I never planned to get the iPhone.
When the original iPhone went on sale on June 29, 2007, I was rocking a Samsung A900 “Blade” flip phone, the company’s actually-pretty-decent copy of the storied Motorola RAZR phone. I was editor of a tech blog for NBCUniversal at the time, and my reporter, Stewart Wolpin, was at New York City’s flagship Apple Store covering the launch of the so-called “Jesus phone.”
Shortly after the doors opened and he got in, my phone rang.
“They’re letting me buy two,” Stewart said. “Want one?”
The original iPhone cost $600 — a lot of coin for a tech blogger, especially in an era where carrier subsidizing meant most phones cost $100-$200. I hesitated, but only for a couple of seconds.
“Yes. Get me one.”
After I visited an ATM and exchanged a wad of cash for what is now referred to as the iPhone 2G, I had a little buyer’s remorse — especially since Apple and AT&T’s overloaded systems meant I couldn’t activate it until three days later.
Shortly after I went to my first party with the iPhone. After I pulled it out, I was treated like a celebrity. Everyone — even people who I would never think of as into tech — had questions and wanted to try it out. They asked what my favorite features were, how much I paid, and whether they should get one. Strangers in bars came up to me to ask about the gadget I was holding, and a couple even bought me drinks. This pattern repeated until at least September, when Apple lowered the price of the iPhone to $400.
The original iPhone was a great device on its own. But I’d be lying if I said getting treated like a rock star didn’t factor into my overall appreciation of the product. On some level, joining the “cool club” was a part of my initial decision when I decided to ask Stewart to buy me one of the phones, but living with the phone showed just how exclusive it was.
Which brings me to the iPhone X.
Since 2007, the cool factor of buying an iPhone has waned. Over the years — as Apple’s sales have ballooned and the iPhone has become the best-selling smartphone in the world — the device has gotten less and less exclusive. When you buy an iPhone, you’re no longer special; you’re basic.
The iPhone X promises a lot. It has a super-high-resolution screen that stretches to nearly the edge of the device. It packs Apple’s most advanced and powerful mobile processor, augmented with a “neural engine.” It has one of the most advanced cameras ever put into a smartphone, letting you unlock the device with your face, simulate professional studio lighting, and render your head as an talking emoji.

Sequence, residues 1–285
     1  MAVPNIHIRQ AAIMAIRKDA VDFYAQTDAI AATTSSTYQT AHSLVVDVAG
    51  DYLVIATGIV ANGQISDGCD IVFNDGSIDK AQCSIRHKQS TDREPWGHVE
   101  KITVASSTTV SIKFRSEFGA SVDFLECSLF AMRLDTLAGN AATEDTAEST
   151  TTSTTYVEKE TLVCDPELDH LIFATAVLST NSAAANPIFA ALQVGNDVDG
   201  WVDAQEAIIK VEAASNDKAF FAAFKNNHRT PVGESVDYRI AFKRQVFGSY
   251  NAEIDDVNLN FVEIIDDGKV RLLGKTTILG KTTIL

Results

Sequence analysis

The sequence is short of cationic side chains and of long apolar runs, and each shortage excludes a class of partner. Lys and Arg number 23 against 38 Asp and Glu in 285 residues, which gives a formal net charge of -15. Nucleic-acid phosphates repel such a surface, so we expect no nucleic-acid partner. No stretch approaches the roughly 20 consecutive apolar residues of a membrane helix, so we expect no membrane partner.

All that stuff sounds great, but it’s the real promise of the iPhone X is that it brings back the cool factor. Not only is the cachet of owning Apple’s latest back, but the design of the phone is conducive to getting noticed. With just the vertically aligned camera lenses as a clue, several people noticed Mashable‘s Lance Ulanoff was using an iPhone X when he was reviewing it. And if anyone gets even a glimpse at the front of the device, the screen and requisite “notch” are dead giveaways.
Not many brands can pull this off. It requires a combination of innovative product design, marketing hype, and general brand goodwill. Google, Samsung, Amazon, and even Microsoft usually can only get two of those things right. Only Tesla comes close to matching Apple in its ability to make owning a tech product a statement of status.
With iPhone X, that statement is louder than it’s been in 10 years. The (coincidental?) limited supply and high price tag — both downsides for most products — actually strengthen the phone’s allure. Who wants to join a club that lets just anyone in?
To many, that’s the thing that bothers them most about Apple: the reality distortion field that bends consumer attention to the point where a product becomes a must-have before anyone even looks beneath the surface at all — the sales pitch that amounts to “trust us” yet still convinces millions to hand over their credit card numbers with enthusiasm.
If you’re in the club, though, all you hear are the usual gripes from people who couldn’t get in. Apple has brought sexy back to the iPhone, and everyone’s invited to the party. The cost of entry: just one iPhone X.